Rates rise for both North Down and Ards
The average annual rates bills in North Down and Ards are to rise approximately £36 and £15 respectively.
In North Down, the council agreed a domestic rate of 0.2598p (a rise of 8.16 percent) for 2009/10.
For the average North Down household — that is a house valued at £154,000 — this represents a monthly increase to the rate bill of £2.50.
Commenting on the increase, chair of the council’s corporate committee, Councillor Alan Graham said: “Setting the rates is not about grabbing the headlines with a one-off low rate, it is about providing quality services and continued investment while consistently delivering a sustainable rate rise.
“North Down Borough Council has consistently delivered on this promise and between 1996 and 2006 it had the lowest cumulative rate rise of any Northern Ireland council.
“Maintaining this record is becoming more and more difficult and I make no apologies for reminding members of the external pressures that have inflated our rise this year.”
Councillor Graham highlighted increases in Landfill Tax charges, the introduction of rate capping and subsequent reduction of the local tax base, increased costs of rate collection, valuation appeals, and changes in the economic climate for the rates rise.
In Ards, meanwhile, the average annual rates bill is set to rise by approximately £15, after Ards Borough Council announced a rate increase of just under five percent.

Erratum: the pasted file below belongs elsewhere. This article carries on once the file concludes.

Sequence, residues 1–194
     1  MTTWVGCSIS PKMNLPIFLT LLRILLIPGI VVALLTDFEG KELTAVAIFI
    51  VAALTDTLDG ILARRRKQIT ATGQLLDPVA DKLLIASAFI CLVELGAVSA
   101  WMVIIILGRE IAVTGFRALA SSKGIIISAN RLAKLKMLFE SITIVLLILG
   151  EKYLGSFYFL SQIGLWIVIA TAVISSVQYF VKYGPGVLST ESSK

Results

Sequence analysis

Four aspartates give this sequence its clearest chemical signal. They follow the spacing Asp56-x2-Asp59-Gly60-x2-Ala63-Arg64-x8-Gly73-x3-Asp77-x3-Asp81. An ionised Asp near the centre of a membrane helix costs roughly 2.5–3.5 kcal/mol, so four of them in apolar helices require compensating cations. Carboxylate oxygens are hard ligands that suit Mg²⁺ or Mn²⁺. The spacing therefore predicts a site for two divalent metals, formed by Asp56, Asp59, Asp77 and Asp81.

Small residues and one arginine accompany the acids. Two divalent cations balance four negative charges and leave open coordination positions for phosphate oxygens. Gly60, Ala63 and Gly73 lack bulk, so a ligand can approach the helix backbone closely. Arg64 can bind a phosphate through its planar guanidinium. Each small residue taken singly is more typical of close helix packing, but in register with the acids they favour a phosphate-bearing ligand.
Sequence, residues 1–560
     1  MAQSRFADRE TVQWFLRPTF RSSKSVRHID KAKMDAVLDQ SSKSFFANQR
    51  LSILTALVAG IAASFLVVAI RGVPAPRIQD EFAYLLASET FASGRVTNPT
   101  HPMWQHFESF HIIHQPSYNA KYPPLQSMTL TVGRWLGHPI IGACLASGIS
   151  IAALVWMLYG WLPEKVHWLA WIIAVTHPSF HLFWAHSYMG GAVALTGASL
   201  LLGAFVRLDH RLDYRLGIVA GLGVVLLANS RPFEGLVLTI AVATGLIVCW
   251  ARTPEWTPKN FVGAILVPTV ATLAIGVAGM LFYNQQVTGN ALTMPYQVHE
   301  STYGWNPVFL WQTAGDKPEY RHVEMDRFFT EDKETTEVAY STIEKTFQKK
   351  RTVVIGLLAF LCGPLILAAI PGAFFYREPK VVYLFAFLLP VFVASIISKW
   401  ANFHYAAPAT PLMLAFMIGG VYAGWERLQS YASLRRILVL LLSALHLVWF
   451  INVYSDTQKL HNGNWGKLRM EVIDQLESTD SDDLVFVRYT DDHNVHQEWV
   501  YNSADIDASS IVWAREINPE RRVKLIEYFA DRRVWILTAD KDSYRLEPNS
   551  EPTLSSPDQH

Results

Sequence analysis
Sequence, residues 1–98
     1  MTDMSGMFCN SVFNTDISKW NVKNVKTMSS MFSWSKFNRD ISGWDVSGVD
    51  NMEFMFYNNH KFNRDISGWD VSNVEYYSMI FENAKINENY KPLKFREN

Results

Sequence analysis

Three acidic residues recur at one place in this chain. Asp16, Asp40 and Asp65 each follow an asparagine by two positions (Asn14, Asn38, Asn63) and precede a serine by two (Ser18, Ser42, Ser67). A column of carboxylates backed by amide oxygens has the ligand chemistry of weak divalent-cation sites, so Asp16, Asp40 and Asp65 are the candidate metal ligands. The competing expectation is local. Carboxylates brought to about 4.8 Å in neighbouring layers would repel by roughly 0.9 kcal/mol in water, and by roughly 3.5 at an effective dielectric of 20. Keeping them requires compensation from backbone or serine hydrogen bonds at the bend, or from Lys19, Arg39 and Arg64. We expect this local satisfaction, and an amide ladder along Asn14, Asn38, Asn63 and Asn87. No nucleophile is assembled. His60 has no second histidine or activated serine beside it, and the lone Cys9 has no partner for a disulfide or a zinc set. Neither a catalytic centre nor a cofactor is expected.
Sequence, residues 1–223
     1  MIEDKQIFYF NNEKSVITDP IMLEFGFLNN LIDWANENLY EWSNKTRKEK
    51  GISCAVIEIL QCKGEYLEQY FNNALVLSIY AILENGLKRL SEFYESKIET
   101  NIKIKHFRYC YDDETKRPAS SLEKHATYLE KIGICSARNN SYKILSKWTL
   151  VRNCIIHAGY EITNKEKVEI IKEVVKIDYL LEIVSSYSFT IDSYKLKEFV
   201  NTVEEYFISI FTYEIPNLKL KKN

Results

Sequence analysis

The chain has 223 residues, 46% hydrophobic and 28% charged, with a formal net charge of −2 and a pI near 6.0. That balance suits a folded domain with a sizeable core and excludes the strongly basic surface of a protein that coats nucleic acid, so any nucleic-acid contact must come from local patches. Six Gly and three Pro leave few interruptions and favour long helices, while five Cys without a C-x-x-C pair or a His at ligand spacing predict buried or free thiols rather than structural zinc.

The average capital value of a home in Ards is £127,523. The impact of a rise of 4.97 percent on a home valued at this level is £1.32 per month or £15.80 a year.
Mayor of Ards, Councillor Jim Fletcher, stressed the effect of the economic downturn on the council’s finances and its efforts to lessen the impact on local residents.
“Our decision has a direct impact on the money which our ratepayers have in their pockets and the responsibility we have to keep any rate increase to an absolute minimum, while still providing high quality, value-for-money services for the people of the Ards, is one we take seriously,” he said.
“This is an extremely tight budget and while we will continue to make efficiency savings where we can, in 2009/2010 there is no wriggle room for unplanned expenditure.”